Poppies are elegant flowers that come in a variety of colors and sizes that range from 12 inches to 3 feet tall. The plants produce seedpods that you can collect for growing new seedlings. Poppies do not respond well to high temperatures, which you can control with hydroponics for year-round growth, without the worry of temperatures. Using an indoor growing system for growing poppies lengthens the growing season for an increase in flower production.
Dump excess water from the tray and plant one seed into the center of each cube at a depth of 1/4 inch. Cover the tray with plastic wrap and move it to a warm area with a temperature of 70 degree F. Avoid direct sunlight that heats the soil too high to prevent germination.
Mist the rockwool with water every other day, or as necessary, to keep them moist for germination. Remove the plastic wrap once sprouts appear and move the tray to a sunny area to stimulate poppy growth.
Transplant the poppies to a hydroponics system once the first buds appear on the seedlings. Assemble the growing system and with water to verify everything works properly. Run the system without plants until the water reaches room temperature.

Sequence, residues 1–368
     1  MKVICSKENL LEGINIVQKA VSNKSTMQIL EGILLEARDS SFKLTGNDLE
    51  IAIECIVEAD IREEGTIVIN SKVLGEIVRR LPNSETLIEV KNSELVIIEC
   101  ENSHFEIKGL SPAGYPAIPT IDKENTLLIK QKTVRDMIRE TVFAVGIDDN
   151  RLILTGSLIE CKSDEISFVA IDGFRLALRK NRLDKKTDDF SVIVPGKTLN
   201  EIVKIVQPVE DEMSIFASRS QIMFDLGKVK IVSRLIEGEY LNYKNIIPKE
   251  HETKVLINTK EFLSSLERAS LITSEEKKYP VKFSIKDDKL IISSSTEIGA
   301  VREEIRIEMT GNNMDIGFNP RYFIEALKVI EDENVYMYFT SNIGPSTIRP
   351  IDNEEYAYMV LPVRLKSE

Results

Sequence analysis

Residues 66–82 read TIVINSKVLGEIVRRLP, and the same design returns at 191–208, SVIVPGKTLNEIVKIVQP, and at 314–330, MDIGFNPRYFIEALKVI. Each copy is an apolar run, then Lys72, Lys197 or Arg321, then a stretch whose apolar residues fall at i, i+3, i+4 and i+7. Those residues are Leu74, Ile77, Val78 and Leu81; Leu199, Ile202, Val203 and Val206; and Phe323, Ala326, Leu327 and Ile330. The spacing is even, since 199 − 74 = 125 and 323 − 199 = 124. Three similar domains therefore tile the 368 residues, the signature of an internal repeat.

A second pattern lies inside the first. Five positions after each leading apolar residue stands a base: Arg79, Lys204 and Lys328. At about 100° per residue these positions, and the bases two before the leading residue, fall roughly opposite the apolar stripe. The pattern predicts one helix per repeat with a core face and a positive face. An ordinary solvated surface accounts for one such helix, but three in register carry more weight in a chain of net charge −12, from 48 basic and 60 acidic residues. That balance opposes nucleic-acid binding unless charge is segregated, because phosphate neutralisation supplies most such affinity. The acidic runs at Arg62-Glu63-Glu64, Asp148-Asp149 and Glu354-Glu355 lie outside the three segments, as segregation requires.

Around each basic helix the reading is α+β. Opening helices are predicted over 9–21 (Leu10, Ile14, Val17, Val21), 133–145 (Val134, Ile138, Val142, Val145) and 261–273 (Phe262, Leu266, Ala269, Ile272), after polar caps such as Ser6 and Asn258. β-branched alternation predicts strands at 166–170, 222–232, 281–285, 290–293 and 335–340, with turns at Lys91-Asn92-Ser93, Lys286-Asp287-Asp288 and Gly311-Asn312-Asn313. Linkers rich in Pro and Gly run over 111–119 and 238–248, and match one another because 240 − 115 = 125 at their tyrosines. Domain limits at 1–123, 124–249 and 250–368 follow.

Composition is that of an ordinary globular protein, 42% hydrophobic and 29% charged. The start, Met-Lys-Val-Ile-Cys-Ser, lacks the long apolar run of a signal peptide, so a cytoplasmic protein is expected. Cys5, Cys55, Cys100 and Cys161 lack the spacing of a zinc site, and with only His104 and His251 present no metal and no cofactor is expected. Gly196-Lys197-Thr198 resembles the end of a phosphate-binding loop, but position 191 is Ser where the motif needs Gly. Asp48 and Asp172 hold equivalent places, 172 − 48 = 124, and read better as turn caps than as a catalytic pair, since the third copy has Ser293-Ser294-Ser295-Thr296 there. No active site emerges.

Add liquid poppy flower fertilizer to the water at a ratio of 3 tbsp. for every 1 gallon of water that flows through the system. Remember to add nutrients to the system each time you add more water.
Insert the small rockwool cubes into 3- to 4-inch diameter cubes that fit into the hydroponic system. Avoid removing the plant from the small cubes to prevent damaging the root system.
Assemble high-pressure sodium lights over the poppy plants at a height of 6 to 8 inches above the top of the plant. Raise the lights as the plants grow to prevent foliage burn. Use a halide light if you are unable to find the high-pressure sodium lights.
Install support posts around the poppy plants as they grow taller to prevent drooping or damage to the foliage and flowers.